The difficult economic landscape has forced Indian firms to look for new and innovative ways to grow their businesses, create efficiencies, and improve responsiveness. This is driving changes in how Indian business leaders view technology – with many increasingly viewing technology as a far more critical means to differentiate their organizations and drive business growth. The pressure is now firmly on CIOs to deliver technology-led business outcomes for their organizations. To exploit this opportunity, CIOs should do the following:
- Develop a ‘business outcomes’ matrix and map existing and planned technology projects against it to build credibility with business leaders: ROI templates are generally developed to gain approvals and are typically limited to cost savings, but very few CIOs actually link their IT spending to clearly defined business outcomes. Define what business outcome means to your organization (e.g., increase in sales, revenue, customer acquisition, customer satisfaction to name few) and map each of your projects against the matrix to prioritize those with greatest business outcomes. This will help CIOs win buy-in from business stakeholders on project funding and priorities, while ensuring that IT is viewed as an equal and capable business partner.
Our research shows that 70% of Indian CIOs or top IT executives will report to CEOs or the senior-most executives in their organizations by the end of 2016. As the boundary between IT and business further blurs, successful CEOs must get more directly involved in business-led technology discussions as a means to differentiate their organization, drive business growth and measure technology success by the business outcomes it delivers. This is driving a fundamental shift in the CIO role as it moves from classic "plan, build, run" cycle management to a business outcome oriented, customer obsessed leadership position. With this backdrop, Forrester holds its second series of CIO summit across Asia Pacific in August and September; the India summit is scheduled for September 3 in Mumbai and the theme of the summit is “Mastering Tomorrow’s Business Outcomes”.
We have an action-packed agenda for the India summit with great mix of Forrester analysts (Dane Anderson, Nigel Fenwick, Bobby Cameron, and Duncan Jones) and industry keynote speakers (Arun Gupta,Chief Information Officer, Cipla; Ram Medury,Vice President, Head of IT, ICICI Lombard; Rajeev Seoni, Chief Information Officer, Ernst & Young). Throughout the day, we will have interactive discussions on how digitally-empowered customers are creating urgency for change by redefining how business is won and what role CIOs can master to digitally disrupt their markets by applying technology to deliver targeted customer value faster, better, and cheaper for potential business outcomes.
Coca-Cola recently announced that it is jumping into the red-hot Indian online retail arena by selling directly to consumers and small businesses, a first for a FMCG (CPG) company in India. While the Indian online retail story is still being written and Forrester is bullish about the long-term prospects for this channel, the immediate challenges need to be managed effectively.
Logistics and fulfillment are the largest challenges of them all in India, with more than half of all online retail sales being done using cash on delivery (COD). While COD is essential in a nascent eCommerce market, it can have a large negative impact on business margins. This is exacerbated in a nascent market where consumers are testing this new medium of ordering goods, as the return rates can be quite high. In India, reportedly, the return rates can vary from 5% to more than 25%, depending on the category, the demographics of the online buyers, and their online tenure (experience with the Internet).
The continued economic viability of software development in India, whether by independent software vendors (ISVs) or “captive” business units, depends less on pure labor arbitrage and more on delivering time-to-market advantage for clients. The pressure of meeting business expectations demands that software firms harness creative capability wherever they can find it. The increased focus on Business Technology innovation and customer experience over mere cost savings presents both a threat and an opportunity to software configuration and development business units (BUs) in India.This is the key finding from my just-published report.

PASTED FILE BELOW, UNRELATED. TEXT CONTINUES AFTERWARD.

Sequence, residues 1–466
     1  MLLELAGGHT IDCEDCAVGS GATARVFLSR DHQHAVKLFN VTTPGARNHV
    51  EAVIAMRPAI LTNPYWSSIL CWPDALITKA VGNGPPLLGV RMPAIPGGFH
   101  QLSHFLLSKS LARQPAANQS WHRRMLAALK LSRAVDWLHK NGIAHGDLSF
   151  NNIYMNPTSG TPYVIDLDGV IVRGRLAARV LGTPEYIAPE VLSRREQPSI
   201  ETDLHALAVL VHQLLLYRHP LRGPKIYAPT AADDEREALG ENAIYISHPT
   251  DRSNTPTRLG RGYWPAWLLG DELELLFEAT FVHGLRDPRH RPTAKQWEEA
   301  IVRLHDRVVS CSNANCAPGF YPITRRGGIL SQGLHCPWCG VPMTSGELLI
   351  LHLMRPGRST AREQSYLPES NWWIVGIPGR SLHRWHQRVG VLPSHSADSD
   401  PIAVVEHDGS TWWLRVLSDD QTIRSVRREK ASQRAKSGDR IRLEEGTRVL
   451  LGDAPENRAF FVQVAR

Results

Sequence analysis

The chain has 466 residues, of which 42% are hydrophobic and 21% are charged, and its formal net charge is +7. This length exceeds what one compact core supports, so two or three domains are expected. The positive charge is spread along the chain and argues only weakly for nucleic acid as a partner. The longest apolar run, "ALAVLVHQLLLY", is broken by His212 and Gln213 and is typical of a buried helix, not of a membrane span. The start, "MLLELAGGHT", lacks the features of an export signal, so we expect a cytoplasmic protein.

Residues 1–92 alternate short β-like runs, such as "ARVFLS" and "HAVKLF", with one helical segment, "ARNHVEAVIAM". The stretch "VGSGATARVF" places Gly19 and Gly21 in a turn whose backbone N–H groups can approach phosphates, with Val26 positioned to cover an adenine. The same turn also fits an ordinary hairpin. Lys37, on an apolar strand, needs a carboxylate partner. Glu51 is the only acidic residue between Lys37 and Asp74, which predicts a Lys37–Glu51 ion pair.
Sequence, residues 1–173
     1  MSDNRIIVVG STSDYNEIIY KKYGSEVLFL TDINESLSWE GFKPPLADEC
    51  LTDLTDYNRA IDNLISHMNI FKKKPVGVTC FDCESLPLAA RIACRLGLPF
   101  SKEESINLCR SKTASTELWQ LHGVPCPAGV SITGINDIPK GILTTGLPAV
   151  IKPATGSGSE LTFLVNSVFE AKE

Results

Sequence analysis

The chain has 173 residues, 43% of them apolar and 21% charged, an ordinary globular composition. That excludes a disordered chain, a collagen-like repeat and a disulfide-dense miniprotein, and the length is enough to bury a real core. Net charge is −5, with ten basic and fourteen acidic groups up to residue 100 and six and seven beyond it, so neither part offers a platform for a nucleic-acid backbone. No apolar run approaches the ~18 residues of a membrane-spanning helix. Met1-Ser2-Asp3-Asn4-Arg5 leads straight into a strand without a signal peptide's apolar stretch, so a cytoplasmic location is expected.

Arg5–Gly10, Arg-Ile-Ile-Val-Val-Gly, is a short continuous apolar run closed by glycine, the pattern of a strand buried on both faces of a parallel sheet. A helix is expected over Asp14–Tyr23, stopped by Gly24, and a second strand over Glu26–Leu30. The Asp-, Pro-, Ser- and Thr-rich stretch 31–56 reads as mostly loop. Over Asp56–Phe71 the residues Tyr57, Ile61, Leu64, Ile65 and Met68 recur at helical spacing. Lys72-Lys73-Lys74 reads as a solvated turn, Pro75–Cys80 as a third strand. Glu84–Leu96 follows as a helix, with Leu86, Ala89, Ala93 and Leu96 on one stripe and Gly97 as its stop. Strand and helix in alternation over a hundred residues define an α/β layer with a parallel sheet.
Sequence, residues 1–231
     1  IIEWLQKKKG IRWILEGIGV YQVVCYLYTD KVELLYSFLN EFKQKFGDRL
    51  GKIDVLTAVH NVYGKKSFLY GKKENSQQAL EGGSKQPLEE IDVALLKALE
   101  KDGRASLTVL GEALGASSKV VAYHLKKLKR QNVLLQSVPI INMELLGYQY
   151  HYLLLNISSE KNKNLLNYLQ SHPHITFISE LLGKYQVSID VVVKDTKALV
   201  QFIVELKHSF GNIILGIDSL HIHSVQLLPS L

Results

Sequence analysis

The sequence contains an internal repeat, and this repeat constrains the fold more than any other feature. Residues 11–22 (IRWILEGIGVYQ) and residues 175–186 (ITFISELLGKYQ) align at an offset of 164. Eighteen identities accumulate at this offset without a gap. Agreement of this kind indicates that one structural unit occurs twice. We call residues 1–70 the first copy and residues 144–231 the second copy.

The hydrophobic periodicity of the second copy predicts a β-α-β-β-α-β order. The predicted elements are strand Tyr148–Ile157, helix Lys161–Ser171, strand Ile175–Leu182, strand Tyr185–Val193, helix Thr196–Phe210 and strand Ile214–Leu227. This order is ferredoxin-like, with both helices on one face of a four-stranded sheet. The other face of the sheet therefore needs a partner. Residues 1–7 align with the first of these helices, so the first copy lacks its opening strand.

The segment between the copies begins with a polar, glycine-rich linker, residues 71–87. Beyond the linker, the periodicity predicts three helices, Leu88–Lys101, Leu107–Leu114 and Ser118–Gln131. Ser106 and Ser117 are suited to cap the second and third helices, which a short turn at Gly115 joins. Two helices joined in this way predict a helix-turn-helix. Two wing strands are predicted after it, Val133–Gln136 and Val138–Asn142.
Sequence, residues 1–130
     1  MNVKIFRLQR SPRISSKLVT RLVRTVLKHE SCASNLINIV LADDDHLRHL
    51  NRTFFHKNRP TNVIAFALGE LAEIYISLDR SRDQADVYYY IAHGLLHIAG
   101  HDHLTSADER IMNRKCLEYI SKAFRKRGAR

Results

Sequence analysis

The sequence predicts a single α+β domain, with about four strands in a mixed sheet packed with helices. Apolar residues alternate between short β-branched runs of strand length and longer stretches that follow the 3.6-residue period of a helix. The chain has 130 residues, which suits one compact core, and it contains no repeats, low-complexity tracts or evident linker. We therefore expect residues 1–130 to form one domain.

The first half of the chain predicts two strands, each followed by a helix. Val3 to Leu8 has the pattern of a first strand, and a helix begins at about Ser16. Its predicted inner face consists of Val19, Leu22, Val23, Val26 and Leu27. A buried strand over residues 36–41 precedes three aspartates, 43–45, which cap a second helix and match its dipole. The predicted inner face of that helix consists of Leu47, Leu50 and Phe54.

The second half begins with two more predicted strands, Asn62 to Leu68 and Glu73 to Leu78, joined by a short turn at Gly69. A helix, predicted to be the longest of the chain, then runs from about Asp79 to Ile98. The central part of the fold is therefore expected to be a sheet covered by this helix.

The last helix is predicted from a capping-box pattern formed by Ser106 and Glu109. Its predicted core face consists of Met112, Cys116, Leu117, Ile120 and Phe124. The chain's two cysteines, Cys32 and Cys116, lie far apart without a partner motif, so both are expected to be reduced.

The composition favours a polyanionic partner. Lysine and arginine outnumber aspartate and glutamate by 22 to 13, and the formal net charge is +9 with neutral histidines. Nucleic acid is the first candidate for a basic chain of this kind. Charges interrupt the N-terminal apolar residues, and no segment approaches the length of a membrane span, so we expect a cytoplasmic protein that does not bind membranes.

Forrester developed its software innovation assessment workbook to assess software innovation capability of firms. We provided this tool to members of NASSCOM (the industry association for the IT BPO sector in India), comprising both ISVs and captive development BUs in India, and surveyed them to assess the most important process, organizational, cultural, geographical, and staffing practices that promote software innovation. We also interviewed a dozen selected respondents in greater depth to better understand how innovation capability contributes to business success in India. We found evidence of widespread adoption of the practices correlated with software innovation capability, helping to drive a rapidly changing role for Indian business in the global software supply chain.
Innovators in India that were engaged in software development and configuration received high scores for many of the practices that drive effective innovation. They demonstrated strength in:
Listening to the voice of the customer
Making the development process more iterative and responsive
On February 22, the Reserve Bank of India (RBI), an institution that supervises and regulates India’s financial sector, announced guidelines allowing corporations to enter the banking sector. Private companies, public-sector groups, and nonbanking financial firms will all be eligible to apply for a banking license. We expect RBI to start issuing new bank licenses by early 2014.
RBI guidelines state that companies receiving a banking license must open at least 25% of their branches in rural areas. Despite this guideline, I believe that new entrants will primarily target the same urban and semi-urban customers that existing banks target. The reason is simple: These are the most profitable customers. This helps explain why 85% of rural bank branches in India belong to public banks; it’s simply not an attractive market for private banks.
What it means for current Indian banking CIOs: Leverage big data to grow your business or prepare to be left behind.
As competition increases, businesses will expect new IT capabilities to understand and respond to customer needs better, faster, and cheaper. Banking CIOs who embrace this change will adopt big data technologies and become true business partners. The ones who don’t will be bypassed by new entrants (when they come to play) using big data approaches and internal data from whatever market they’re currently in to analyze the banking market. These new entrants will likely influence customer preferences, question existing assumptions, and look for ways to disrupt the market. I recommend that current Indian banking CIOs: